Natural resource managers should provide substantial input in the development of emergency operations plans to identify sensitive resources and appropriate response procedures for their protection. Further, natural resource personnel should be trained in the All Risk-Incident Command System (ICS) so that integration into the emergency incident command response team can be facilitated.Roles and Responsibilities
The Director of the National Park Service establishes and approves servicewide natural resource policies and standards. The Director is ultimately responsible for establishing natural resource programs that conserve natural resources unimpaired for the enjoyment of future generations and for ensuring that such programs are in compliance with directives, policies, and laws.
The Associate Director, Natural Resource Stewardship and Science (ADNRSS), has functional authority, often through a subordinate division or office, for developing policies and standards for the Director's approval; providing policy oversight of NPS natural resource programs, including evaluating the results of field performance in complying with directives, policies, and laws; providing direct assistance to parks in specific program areas; and administering natural resource programs for which the ADNRSS has direct authority.
The Associate Director, Park Operations and Education, has functional authority, often through subordinate divisions or offices, for developing policies and standards for the Director's approval; providing policy oversight of NPS Operations and Education, including evaluating the results of field performance in preparedness and complying with directives, policies and laws; operations employees provide direct assistance to parks in specific program areas; implementing emergency operations plans is one of the critical program areas of this Associate.
Natural Resource Stewardship and Science (or other Washington Office) divisions/offices exercise the Associate Director's responsibility by administering specific natural resource programs, including those that provide direct assistance to parks in carrying out natural resource activities and in interpreting natural resource policies, regulations, and guidance; formulating servicewide natural resource standards, policies, and regulations; developing and promulgating methods, procedures, and guidelines to help parks conduct effective natural resource programs; and carrying out functional oversight within assigned program areas.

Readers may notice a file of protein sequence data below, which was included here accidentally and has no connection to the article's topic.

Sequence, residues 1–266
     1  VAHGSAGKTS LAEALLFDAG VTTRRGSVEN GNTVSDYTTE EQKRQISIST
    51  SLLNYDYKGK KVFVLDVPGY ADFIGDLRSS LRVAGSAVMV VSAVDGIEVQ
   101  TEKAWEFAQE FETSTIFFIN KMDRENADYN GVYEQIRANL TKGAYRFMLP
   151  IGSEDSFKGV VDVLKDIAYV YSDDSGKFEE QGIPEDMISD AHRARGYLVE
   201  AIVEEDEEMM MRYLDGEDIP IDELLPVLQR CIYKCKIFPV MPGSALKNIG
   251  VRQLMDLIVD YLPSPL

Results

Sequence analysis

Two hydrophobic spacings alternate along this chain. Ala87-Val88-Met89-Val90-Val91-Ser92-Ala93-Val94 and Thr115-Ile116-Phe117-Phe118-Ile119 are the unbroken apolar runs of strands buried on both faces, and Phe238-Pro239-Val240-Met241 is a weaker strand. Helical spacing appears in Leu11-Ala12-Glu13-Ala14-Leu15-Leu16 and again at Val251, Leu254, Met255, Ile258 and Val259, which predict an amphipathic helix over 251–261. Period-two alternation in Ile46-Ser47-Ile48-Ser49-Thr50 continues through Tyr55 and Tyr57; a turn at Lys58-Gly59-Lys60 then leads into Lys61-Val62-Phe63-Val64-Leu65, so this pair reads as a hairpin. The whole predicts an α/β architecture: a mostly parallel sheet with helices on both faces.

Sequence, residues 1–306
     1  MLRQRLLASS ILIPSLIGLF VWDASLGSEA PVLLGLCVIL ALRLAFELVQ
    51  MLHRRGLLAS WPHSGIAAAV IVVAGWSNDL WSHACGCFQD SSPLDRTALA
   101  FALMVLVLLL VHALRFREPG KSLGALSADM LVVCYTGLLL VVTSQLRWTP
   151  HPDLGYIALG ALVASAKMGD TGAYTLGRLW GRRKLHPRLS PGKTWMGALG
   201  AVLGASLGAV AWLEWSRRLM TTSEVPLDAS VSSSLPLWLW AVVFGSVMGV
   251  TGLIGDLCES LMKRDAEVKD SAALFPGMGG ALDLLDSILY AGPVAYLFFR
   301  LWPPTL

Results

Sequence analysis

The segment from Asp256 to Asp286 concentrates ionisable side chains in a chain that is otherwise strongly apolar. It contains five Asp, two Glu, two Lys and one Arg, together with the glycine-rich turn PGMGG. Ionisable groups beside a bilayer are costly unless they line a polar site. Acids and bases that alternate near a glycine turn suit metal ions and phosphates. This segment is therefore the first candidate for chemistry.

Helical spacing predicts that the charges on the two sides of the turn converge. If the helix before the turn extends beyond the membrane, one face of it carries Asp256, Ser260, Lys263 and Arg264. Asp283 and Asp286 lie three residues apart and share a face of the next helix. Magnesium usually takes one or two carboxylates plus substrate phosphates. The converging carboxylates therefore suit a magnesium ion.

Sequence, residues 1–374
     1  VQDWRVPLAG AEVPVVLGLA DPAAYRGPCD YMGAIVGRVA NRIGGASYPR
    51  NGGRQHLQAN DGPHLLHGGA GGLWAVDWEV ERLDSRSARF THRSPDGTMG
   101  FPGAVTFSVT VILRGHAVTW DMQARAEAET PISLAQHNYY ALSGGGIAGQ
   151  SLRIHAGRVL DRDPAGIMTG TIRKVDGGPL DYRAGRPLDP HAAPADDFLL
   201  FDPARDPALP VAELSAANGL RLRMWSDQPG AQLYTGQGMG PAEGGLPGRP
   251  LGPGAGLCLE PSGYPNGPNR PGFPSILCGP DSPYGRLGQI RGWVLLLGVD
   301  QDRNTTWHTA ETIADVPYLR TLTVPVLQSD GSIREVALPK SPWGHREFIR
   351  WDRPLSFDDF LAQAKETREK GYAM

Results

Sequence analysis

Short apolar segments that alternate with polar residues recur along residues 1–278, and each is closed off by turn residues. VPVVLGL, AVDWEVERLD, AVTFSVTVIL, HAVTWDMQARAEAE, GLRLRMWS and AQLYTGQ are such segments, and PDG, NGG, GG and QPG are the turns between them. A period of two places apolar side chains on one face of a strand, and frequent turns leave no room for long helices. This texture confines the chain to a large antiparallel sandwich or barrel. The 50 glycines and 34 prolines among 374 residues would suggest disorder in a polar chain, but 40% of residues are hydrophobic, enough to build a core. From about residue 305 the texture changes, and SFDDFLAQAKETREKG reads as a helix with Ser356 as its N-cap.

The regional director, through or with the assistance of an assistant or associate regional director, is responsible for ensuring that natural resource programs within the region are uniformly implemented in compliance with directives, policies, and law; and identifying regional coordinators and contacts for specific program areas, where required, who can provide information and data about park natural resources and natural resource programs to Washington Office. Regional offices are responsible for review of park operations plans and associated action plans (fire management plans, hazardous waste management plans, etc.).
Support office natural resource staff and/or cluster or regional natural resource program coordinators have responsibility for assisting parks in needs identification; data collection and analysis; planning, program, and project development; and for providing advice on scientific and natural resource management issues.
The superintendent is responsible for understanding the park's natural resources and their condition. The superintendent is responsible for establishing and managing park natural resource programs and ensuring that they comply with directives, policies, and laws. The superintendent is responsible for the preparation, approval, and implementation of the emergency operations plan and necessary action plans such as structural fire plan, wildland fire plan, spill prevention, control and countermeasure plan (SCCP), and facility response plan (FRP).
The park chief ranger, on behalf of the superintendent, carries out needs assessments and planning and conducts and participates in operational emergency activities in compliance with directives, policies, and laws.
The park natural resource manager, on behalf of the superintendent, carries out needs assessments and planning and conducts operational natural resource management activities in compliance with directives, policies, and laws.Emergency Management Table of Contents | RM#77 Table of Contents